Advocates say that the plan will also be a boon to taxi drivers in the city. According to Move NY, leaders of the for-hire vehicles industry support the plan because most cabbies recognize that traffic is their biggest obstacle to increasing profit. The Move NY Fair Plan exempts for-hire vehicles from CBD tolls and establishes a surcharge zone in the area of Manhattan south of 96th street on the east side and 110th street on the west.  So when traveling through Central and Downtown Manhattan, passengers will be required to pay an additional estimated $1.40 for every three-mile (or 60 block) trip, within the surcharge zone. According to advocates, this additional surcharge will be mitigated by the shortened travel times experienced by passengers, due to the projected decrease in congestion in Manhattan’s CBD. Taxi drivers are projected to see an increase of three or four trips per day under the plan.

Another interesting aspect of the plan is a section that allocates $1 billion of the $4.5 billion to borough and community boards. Essentially, this will give local neighborhoods a piece of the pie, allowing them to respond to their own individual transportation needs.  

“Say you have a broken elevator at a Coney Island subway station,” said Matthiessen, “community boards used to have to petition the MTA to fund these projects. But with Move NY, they’ll have money to address the problem directly.”

This section of the legislation responds to a major criticism that congestion-based toll plans have faced in the past: that they favor transit-rich neighborhoods and penalize the so-called “transit deserts,” whose drivers pay the price in tolls but don’t reap any benefits.  This was one of the biggest obstacles faced by former Mayor Michael Bloomberg’s Congestion Toll plan, which was defeated in Albany in 2008. At the time, assemblymembers from Queens vehemently opposed the bill, and they still do.

But Matthiessen argues that the plan will actually benefit those who do not live near the train, because now those local community boards will have funding to address their lack of transit. “They should welcome this process because we’re raising money to help them fund their priorities,” he says.

Of the bill’s 14 co-sponsors, only one assemblymember from Queens supports the bill, Andrew Hevesi of the 28th District. The remaining co-sponsors are distributed evenly across the Bronx (five co-sponsors), Brooklyn (four) and Manhattan (four).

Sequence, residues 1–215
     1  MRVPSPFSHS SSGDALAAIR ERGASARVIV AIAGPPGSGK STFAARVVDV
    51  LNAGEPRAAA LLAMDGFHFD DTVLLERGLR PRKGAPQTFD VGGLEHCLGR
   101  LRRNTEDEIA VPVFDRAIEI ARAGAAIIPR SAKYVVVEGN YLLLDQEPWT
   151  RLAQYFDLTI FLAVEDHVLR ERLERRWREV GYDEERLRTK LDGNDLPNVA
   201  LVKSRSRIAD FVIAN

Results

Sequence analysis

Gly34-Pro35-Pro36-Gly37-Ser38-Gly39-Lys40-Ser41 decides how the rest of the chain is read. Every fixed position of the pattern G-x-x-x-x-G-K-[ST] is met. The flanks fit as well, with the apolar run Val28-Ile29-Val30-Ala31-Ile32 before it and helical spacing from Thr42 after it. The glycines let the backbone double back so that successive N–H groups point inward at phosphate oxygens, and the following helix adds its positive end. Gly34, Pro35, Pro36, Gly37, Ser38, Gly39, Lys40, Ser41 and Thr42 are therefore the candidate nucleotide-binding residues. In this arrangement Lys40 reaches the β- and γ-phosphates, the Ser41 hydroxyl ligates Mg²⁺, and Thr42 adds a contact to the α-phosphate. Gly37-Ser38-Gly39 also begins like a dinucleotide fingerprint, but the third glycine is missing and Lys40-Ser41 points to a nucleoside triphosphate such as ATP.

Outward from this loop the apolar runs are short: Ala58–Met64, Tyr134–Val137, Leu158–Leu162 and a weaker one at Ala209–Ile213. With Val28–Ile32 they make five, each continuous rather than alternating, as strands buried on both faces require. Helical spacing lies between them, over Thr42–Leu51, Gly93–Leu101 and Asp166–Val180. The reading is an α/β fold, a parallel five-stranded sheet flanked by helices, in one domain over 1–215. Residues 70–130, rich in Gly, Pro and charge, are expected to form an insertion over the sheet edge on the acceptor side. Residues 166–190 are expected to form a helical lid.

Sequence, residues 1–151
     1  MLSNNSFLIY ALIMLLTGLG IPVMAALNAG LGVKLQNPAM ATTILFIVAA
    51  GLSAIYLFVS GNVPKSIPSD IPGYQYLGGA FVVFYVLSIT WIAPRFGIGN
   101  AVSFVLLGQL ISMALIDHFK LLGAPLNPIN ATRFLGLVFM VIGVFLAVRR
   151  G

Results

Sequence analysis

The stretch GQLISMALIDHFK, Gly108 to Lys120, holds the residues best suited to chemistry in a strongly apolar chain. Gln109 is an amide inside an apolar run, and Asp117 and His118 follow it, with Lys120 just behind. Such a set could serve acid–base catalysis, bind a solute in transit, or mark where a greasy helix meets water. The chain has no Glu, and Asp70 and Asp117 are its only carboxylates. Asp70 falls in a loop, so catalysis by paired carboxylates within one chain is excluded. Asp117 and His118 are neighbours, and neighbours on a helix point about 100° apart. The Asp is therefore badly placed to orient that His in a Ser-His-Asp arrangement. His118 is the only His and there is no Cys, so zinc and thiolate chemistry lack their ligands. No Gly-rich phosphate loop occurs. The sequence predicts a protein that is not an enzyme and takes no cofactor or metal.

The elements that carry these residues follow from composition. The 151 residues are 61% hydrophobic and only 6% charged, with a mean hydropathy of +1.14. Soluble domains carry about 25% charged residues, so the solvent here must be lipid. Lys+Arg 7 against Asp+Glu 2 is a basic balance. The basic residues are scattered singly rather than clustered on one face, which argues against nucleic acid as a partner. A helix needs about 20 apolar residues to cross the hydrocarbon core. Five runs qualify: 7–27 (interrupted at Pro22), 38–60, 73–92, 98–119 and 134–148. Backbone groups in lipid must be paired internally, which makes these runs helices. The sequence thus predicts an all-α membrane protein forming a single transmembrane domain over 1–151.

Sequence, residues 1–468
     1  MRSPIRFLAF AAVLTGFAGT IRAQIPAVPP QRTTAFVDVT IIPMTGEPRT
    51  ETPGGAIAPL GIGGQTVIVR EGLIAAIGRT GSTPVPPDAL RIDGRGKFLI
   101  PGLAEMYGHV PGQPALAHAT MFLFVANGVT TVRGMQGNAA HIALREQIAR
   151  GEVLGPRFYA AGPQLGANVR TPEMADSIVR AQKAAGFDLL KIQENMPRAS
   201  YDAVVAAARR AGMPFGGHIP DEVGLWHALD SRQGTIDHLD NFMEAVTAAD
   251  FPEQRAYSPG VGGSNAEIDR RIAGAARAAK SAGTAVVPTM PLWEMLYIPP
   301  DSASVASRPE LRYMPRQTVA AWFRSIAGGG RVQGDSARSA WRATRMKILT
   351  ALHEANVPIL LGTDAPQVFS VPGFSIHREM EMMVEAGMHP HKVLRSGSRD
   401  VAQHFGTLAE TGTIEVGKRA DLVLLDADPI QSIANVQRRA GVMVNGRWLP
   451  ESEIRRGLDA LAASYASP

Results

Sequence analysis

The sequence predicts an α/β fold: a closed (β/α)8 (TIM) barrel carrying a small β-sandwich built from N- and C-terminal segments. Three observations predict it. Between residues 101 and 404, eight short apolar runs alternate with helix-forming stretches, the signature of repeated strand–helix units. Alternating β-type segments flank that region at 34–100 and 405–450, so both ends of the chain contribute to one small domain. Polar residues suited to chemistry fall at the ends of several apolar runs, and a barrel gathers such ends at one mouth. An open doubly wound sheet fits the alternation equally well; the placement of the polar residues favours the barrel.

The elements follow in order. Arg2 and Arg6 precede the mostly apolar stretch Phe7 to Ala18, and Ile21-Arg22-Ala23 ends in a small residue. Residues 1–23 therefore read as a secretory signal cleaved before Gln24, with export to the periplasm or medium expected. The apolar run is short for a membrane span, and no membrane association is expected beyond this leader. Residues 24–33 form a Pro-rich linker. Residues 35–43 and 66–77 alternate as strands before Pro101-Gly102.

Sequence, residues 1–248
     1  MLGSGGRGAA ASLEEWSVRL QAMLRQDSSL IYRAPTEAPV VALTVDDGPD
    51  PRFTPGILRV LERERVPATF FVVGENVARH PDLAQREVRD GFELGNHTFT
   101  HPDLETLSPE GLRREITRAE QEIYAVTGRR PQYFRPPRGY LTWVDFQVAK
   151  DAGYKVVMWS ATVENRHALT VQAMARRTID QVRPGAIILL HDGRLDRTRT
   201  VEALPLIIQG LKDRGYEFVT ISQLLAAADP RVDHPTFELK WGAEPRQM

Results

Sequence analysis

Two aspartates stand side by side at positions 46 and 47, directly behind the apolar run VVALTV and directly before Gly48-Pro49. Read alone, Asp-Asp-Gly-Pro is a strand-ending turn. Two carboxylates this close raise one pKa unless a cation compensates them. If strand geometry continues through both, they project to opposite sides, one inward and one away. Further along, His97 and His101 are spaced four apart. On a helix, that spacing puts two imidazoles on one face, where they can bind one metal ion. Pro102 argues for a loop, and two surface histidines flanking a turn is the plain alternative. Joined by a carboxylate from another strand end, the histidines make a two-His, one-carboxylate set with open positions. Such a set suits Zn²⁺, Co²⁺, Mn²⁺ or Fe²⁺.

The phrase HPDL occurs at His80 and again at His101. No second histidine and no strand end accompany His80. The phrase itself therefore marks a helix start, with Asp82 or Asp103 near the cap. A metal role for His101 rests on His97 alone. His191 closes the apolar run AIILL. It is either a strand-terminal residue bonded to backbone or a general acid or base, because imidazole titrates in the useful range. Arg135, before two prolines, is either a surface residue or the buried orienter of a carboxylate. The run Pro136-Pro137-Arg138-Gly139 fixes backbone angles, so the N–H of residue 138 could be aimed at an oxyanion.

This is one of the more unique aspects of the Move NY Fair Plan. It enjoys a fairly unprecedented level of support from elected city officials, compared to Bloomberg’s plan. Sheldon Silver, who helped defeat that bill, said at that time, “The congestion pricing bill did not have anywhere near a majority of the Democratic conference.”

Bloomberg’s plan was defeated despite the offer of a $350 million federal transportation grant that the city would have been awarded, had the measure passed. This time around, there is no such incentive.

Schwartz, who has been in the business of transportation for half a century, including his time as a cabbie, was the final speaker at the press conference last Thursday, and was visibly excited to announce that, “Never in 50 years have we seen local officials taking the initiative to correct the problems in our transportation system. These are the brave men and women standing up for our infrastructure.”

Paul Steely White of Transportation Alternatives, who rode his bike from the Financial Distrcit to Harlem for the event, was enthusiastic as well. “This is a transformative new effort unlike anything we’ve ever seen before,” he said.

It is yet to be seen whether the plan will make it through Albany, but what is clear is that the Move NY Fair Plan represents the most concerted effort to date.

“I think we’ve opened a new chapter in this campaign to bring a rational, equitable, fair tolling system and transit investment program to New York,” said Matthiessen.  “We’ve done that by finally converting a great idea into a great piece of legislation. And by introducing a bill, we’re demonstrating to elected officials, the public and the press that we’re here to stay, and we intend to fight until state legislature enacts the plan.”